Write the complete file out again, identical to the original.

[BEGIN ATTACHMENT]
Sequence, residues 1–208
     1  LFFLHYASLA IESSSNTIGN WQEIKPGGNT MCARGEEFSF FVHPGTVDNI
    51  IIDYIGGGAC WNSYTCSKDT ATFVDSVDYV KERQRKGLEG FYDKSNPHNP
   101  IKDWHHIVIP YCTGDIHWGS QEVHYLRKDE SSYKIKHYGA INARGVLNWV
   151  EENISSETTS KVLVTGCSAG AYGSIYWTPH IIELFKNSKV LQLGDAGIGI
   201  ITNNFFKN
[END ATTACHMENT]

Sequence, residues 1–208
     1  LFFLHYASLA IESSSNTIGN WQEIKPGGNT MCARGEEFSF FVHPGTVDNI
    51  IIDYIGGGAC WNSYTCSKDT ATFVDSVDYV KERQRKGLEG FYDKSNPHNP
   101  IKDWHHIVIP YCTGDIHWGS QEVHYLRKDE SSYKIKHYGA INARGVLNWV
   151  EENISSETTS KVLVTGCSAG AYGSIYWTPH IIELFKNSKV LQLGDAGIGI
   201  ITNNFFKN